Alfa Romeo 2000 and 2600

Tony Bagnall
After a period of post-war austerity, in 1957 Alfa Romeo decided it was time to re-enter the market for luxury/executive class cars with a new range designed for the growing number and prosperity of potential customers. Thus, the first models in the new 2000 series emerged, followed by the 2600 series in 1962. That they were not hugely successful, although some 18,540 were manufactured between 1957 and 1966, can be attributed to a number of factors, principally cost. Largely ignored for many years, these cars are now recognized as a significant element in Alfa Romeo's history and this book is a valuable record of their story. Richly illustrated with over 200 colour and black & white photographs, this book introduces the history of the company and its early designs; describes the early Berlina saloon, Spider convertible and Sprint coupe, and their development into the 2600 series; details the evolution of the 1900-based engine into the 6-cylinder 2600 engine; provides a history of the SZ Sprint Zagato; includes information on prototypes, show specials, specification tables, colour schemes and production numbers and, finally, includes a chapter on owning a 2000 or 2600.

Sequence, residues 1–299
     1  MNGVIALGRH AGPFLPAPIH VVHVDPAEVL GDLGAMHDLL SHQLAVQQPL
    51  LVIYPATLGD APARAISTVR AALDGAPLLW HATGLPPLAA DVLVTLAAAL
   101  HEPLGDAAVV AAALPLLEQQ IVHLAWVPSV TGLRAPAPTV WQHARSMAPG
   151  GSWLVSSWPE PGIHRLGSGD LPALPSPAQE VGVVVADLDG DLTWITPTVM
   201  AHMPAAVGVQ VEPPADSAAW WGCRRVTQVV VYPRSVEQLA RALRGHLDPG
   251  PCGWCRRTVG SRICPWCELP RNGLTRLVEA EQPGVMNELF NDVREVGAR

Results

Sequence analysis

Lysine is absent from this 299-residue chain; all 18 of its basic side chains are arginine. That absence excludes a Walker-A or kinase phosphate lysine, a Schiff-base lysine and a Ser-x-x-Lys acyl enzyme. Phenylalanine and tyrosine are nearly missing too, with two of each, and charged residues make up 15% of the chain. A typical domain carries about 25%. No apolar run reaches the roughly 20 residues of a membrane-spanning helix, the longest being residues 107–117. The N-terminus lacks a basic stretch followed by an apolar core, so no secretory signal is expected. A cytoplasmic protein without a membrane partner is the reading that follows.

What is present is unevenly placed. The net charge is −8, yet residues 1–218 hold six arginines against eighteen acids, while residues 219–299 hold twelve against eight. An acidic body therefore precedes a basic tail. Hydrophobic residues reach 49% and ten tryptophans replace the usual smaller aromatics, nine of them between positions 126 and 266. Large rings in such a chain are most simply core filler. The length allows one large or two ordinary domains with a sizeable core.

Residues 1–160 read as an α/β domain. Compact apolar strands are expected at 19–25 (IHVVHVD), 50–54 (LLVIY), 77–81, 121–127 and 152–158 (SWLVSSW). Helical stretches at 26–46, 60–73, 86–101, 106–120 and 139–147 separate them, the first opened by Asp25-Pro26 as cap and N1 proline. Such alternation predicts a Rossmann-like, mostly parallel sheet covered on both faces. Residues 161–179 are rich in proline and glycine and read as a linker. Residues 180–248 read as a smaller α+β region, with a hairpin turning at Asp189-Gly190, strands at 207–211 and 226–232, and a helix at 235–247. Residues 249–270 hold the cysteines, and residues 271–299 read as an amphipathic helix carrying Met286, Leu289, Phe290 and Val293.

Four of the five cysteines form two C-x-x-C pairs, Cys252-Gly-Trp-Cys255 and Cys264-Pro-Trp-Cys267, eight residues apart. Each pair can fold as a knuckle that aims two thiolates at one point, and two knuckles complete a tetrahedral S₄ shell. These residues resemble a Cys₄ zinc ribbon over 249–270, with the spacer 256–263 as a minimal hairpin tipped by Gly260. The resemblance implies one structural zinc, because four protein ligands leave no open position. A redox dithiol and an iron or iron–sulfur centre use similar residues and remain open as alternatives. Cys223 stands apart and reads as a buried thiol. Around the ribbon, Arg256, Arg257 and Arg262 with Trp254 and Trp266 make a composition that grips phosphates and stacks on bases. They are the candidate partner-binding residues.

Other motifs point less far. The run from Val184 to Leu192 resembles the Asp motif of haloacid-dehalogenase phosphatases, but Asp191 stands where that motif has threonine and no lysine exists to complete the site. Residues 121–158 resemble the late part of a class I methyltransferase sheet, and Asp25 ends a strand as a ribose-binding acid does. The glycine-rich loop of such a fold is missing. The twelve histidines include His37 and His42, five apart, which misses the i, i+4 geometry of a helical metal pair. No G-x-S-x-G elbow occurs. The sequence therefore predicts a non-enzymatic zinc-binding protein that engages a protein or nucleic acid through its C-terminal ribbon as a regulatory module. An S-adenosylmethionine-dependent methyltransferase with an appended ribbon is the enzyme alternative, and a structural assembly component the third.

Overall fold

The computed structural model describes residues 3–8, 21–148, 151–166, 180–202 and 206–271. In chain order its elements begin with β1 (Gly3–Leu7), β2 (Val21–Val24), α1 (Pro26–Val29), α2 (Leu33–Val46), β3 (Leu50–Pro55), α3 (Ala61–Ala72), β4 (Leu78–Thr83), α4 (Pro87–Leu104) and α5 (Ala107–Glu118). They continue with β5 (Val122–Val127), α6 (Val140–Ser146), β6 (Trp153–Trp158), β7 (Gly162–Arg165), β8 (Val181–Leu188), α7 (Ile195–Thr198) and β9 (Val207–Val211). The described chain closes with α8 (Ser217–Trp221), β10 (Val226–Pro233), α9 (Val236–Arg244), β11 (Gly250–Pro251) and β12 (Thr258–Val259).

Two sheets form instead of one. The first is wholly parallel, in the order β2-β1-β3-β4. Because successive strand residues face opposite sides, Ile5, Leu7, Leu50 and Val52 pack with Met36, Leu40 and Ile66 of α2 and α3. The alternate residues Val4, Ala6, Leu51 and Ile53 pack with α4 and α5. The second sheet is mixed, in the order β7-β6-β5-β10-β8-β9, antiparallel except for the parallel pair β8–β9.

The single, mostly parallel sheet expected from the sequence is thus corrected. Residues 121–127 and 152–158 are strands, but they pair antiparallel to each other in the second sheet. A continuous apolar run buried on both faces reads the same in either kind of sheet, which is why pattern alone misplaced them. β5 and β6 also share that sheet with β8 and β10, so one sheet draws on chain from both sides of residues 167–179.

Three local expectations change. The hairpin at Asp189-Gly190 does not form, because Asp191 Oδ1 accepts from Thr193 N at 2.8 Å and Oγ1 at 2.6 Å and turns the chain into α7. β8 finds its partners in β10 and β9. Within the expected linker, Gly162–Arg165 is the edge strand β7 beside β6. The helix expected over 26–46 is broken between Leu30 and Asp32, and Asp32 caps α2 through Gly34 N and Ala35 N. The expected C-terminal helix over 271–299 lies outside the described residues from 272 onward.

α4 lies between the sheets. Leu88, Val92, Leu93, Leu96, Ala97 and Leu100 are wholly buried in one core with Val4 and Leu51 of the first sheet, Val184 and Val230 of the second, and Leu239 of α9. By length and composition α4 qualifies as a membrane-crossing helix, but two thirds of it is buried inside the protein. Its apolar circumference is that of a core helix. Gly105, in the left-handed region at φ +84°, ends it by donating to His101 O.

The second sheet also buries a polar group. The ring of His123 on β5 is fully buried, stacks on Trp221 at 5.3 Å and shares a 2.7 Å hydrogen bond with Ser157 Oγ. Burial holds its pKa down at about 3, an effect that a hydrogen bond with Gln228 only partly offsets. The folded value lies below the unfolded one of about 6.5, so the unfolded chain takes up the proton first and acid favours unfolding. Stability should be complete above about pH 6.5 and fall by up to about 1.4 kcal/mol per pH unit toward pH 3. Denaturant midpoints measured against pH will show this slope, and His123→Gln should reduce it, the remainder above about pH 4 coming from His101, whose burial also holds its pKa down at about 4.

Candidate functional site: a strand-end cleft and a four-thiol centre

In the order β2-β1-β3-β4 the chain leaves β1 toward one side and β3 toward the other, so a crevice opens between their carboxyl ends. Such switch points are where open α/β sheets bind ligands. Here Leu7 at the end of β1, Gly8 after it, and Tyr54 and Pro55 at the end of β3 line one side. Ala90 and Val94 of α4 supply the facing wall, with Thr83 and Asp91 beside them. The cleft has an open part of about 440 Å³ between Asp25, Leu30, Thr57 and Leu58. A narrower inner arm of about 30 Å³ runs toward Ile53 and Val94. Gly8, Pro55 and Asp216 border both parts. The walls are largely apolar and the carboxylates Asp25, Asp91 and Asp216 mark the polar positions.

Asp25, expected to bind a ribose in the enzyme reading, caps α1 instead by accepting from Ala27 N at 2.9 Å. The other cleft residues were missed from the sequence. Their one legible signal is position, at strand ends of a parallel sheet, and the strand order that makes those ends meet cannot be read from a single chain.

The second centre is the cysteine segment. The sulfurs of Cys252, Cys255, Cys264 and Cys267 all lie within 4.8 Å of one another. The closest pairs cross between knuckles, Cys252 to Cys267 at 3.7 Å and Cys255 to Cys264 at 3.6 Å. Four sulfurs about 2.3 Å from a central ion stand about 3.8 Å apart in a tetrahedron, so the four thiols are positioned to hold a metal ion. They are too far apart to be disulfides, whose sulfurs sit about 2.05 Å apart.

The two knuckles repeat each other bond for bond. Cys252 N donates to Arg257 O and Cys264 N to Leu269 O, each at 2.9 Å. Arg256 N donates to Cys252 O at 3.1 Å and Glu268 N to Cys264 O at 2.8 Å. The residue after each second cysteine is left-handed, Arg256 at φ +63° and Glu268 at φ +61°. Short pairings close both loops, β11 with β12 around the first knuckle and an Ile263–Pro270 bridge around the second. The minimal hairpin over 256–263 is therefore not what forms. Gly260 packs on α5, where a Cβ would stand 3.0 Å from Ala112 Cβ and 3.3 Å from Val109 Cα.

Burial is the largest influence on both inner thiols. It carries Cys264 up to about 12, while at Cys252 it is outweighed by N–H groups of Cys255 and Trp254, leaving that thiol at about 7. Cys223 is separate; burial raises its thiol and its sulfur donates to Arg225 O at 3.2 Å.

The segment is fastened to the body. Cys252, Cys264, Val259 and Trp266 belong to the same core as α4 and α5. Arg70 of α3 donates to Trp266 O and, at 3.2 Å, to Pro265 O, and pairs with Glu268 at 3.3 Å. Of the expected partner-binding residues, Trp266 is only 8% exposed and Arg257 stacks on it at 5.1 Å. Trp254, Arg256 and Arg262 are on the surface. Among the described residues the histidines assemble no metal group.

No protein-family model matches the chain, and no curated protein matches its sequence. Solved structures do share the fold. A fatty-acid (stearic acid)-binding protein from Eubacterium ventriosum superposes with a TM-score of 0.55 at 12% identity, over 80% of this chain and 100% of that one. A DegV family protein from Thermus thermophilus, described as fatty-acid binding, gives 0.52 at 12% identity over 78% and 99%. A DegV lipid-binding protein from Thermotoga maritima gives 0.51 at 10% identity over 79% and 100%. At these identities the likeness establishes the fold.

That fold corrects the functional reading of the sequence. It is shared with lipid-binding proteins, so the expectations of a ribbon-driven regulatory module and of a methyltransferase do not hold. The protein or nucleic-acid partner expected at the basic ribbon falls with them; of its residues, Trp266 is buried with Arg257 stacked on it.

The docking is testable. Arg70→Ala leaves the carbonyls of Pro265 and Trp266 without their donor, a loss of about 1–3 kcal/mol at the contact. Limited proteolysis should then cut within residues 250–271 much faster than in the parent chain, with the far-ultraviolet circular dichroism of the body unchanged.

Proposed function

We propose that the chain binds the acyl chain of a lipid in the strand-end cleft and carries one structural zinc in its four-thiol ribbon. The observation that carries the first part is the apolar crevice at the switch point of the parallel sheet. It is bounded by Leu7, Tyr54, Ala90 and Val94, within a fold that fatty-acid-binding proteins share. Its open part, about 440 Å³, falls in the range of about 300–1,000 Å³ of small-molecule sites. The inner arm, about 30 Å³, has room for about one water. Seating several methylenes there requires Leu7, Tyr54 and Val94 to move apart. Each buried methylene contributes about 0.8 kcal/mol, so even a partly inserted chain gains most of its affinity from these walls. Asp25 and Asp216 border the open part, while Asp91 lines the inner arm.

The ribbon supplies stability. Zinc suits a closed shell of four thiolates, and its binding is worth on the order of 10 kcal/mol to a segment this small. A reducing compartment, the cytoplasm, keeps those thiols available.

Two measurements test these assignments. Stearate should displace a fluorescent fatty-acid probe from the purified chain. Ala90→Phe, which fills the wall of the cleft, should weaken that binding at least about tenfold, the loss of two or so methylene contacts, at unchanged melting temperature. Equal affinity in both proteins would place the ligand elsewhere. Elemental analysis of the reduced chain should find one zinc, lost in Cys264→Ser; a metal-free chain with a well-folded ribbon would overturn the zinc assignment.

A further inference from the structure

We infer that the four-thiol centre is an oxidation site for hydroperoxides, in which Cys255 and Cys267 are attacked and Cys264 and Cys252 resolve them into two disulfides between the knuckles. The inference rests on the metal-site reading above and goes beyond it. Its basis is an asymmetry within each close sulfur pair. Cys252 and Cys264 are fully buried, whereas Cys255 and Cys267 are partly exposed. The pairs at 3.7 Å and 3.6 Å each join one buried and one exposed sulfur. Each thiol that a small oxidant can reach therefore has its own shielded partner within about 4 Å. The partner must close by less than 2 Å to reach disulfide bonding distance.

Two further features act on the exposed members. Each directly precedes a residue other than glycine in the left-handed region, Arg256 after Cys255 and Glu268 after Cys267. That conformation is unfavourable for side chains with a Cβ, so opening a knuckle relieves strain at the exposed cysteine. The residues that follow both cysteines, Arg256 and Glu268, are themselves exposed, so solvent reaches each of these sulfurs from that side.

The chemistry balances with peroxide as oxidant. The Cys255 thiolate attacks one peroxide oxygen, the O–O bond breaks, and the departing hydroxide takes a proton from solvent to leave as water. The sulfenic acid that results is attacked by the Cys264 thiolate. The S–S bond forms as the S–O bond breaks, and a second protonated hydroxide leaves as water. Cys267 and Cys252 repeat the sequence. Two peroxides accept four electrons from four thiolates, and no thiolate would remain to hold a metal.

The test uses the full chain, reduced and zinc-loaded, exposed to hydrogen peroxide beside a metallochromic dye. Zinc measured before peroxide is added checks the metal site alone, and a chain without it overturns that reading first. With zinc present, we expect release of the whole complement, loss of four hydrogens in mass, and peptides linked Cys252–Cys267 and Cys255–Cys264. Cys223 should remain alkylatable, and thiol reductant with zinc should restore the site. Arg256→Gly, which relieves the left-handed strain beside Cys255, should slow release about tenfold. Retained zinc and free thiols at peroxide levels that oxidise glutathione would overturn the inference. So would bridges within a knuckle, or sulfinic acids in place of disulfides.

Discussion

Alfa Romeo 2000 and 2600 by Tony Bagnall

About the author

Tony Bagnall qualified as an accountant and spent the early years of his career in Local Government and then many years in the NHS, where he held several Director of Finance positions. In addition to his love of cars, especially Alfa Romeo, Tony has always been an avid book reader, and in 2004 wrote the only book recording the history of motor racing at Aintree. He is currently a member of The Society of Automotive Historians (SAHB).

Press Reviews

This is an unexpectedly in-depth study of what was a relatively short-lived and unsuccessful range of luxury cars produced by Alfa Romeo from 1957-1966. This book will fill a gaping hold on Alfisti bookshelves, but is also sure to appeal to anybody who wants to share a slice of the Dolce Vita as represented by the big Alfas

- Classics Monthly